It translates to, "You don't need to do any of the things that matter most to you, that actualize your self and embody your soul. You need to focus on the priorities a lot of social workers have agreed are what poor people need...like having a lot of food, in fact having more animal protein and saturated fat in your diet than you might prefer to consume. And, well, having a "decent" crowded noisy vermin-infested hostility-drenched polluted ugly apartment has to be more of what you need than having a beautiful, historic old house that needs a lot of repairs that the average social worker wouldn't have a clue how to make, so why not just give up the house and move into a low-income housing project. And after that, if the public can be hit up for the needed amount of funding, we might be able to retrain you to do some sort of entry-level job so that we could place you as, say, a Wal-Mart greeter, or maybe a junior day-care assistant, or some other job that could be better done by a fourteen-year-old, but we've worked very hard on getting the fourteen-year-olds banned from the job market so that those jobs can be made available to skilled and experienced adults whose jobs have been submarined by corporate slave labor in China. Well, you need to think about the survival of your belly...you can always worry about having a soul later."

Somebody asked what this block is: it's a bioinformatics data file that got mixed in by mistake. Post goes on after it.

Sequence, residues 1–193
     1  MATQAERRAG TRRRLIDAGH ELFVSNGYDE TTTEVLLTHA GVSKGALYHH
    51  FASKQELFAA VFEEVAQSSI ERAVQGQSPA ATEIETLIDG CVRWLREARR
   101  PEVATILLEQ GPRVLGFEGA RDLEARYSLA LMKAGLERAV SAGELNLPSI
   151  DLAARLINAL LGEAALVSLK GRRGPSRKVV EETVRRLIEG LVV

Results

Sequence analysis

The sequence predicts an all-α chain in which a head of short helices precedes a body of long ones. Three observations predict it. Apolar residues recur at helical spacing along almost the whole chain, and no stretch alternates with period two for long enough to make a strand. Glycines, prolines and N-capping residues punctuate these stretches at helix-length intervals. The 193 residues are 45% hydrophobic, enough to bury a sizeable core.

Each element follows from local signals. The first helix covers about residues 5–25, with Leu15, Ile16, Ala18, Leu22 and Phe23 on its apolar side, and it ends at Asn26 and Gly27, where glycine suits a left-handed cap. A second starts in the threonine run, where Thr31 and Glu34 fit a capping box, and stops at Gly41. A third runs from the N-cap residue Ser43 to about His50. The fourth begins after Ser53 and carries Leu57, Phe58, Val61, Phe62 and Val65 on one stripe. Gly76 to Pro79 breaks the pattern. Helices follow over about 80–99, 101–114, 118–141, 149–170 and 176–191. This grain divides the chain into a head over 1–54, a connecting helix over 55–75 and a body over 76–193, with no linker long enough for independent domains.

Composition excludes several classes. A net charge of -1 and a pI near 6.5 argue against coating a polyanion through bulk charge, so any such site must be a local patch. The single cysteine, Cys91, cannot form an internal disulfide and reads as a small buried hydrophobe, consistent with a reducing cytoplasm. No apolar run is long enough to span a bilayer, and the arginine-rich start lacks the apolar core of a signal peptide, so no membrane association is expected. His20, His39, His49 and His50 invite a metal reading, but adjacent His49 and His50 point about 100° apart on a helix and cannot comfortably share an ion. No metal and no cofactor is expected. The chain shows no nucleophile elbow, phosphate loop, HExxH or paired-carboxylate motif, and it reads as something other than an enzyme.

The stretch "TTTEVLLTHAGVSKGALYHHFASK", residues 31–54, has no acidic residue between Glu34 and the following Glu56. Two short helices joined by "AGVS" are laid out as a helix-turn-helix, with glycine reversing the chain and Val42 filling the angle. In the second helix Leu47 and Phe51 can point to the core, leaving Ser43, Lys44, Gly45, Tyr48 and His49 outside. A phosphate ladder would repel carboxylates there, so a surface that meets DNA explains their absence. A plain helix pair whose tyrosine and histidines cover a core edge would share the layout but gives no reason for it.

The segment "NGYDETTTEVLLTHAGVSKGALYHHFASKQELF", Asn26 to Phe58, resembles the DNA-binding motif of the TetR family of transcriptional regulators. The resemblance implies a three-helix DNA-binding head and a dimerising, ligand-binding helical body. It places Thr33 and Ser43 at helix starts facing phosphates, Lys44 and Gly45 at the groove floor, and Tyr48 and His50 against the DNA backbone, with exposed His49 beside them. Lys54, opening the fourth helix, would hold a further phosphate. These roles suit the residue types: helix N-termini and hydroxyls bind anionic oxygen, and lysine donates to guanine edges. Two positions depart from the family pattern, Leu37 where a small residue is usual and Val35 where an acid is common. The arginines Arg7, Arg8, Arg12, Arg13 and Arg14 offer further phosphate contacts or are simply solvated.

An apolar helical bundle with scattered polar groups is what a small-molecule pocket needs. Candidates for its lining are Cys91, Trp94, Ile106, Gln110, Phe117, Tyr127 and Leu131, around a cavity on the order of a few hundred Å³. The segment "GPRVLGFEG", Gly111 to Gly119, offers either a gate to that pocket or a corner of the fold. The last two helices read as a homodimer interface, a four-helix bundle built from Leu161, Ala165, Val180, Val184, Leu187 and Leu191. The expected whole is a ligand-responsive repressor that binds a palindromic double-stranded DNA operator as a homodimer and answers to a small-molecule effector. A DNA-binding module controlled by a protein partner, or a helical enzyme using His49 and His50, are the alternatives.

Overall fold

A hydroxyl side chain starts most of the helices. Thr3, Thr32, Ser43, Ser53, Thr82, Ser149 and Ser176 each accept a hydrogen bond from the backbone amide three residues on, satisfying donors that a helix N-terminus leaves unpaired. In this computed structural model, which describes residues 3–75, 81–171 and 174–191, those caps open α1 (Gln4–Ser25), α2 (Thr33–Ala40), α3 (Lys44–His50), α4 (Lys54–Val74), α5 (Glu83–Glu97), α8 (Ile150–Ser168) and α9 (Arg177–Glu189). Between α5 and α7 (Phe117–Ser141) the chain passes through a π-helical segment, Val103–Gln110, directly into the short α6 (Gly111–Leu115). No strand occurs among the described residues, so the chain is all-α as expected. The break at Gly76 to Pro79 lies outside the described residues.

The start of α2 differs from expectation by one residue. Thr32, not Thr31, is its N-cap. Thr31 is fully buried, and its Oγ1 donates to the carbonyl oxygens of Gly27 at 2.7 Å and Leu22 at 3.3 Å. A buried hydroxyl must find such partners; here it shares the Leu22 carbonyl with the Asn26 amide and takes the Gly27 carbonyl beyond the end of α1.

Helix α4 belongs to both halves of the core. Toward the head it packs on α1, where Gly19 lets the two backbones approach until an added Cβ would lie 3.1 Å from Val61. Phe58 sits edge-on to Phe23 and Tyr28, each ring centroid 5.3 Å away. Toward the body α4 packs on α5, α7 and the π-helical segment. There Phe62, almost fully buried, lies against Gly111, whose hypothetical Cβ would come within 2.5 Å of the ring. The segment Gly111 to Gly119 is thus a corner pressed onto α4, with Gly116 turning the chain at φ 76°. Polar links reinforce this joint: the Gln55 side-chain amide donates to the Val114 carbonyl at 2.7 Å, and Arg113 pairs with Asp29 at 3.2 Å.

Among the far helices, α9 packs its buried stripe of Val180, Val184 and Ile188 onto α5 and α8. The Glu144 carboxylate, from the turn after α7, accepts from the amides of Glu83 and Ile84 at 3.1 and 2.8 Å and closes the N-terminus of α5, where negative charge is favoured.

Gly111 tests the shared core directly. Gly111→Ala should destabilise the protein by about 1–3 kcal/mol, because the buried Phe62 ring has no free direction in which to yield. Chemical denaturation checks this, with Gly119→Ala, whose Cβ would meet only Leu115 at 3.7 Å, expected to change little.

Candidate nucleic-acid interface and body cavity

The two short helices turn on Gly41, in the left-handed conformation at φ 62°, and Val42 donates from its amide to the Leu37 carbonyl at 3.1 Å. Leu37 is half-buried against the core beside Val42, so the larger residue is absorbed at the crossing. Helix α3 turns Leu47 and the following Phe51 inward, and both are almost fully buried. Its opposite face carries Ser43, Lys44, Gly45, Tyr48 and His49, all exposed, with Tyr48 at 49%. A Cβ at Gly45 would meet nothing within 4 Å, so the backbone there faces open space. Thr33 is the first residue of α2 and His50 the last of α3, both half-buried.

I've heard that line of argument expressed in close to those words, and I offer as evidence that Christianity works the fact that, although the people making the argument are lazier and therefore much weaker than I am, and although as a matter of objective fact I think the United States would be better off without its welfare-cheat population, I've never even tried to strangle these people. I am not a violent person. Because I have a sensitive soul. People without sensitive souls are violent.

My sensitive soul demands freedom, self-determination, self-actualization. My sensitive soul has no problem with material wealth, but has never made material wealth a priority. My sensitive soul actually prefers the sensation of hunger to the sensation of having compromised any principle for material gain.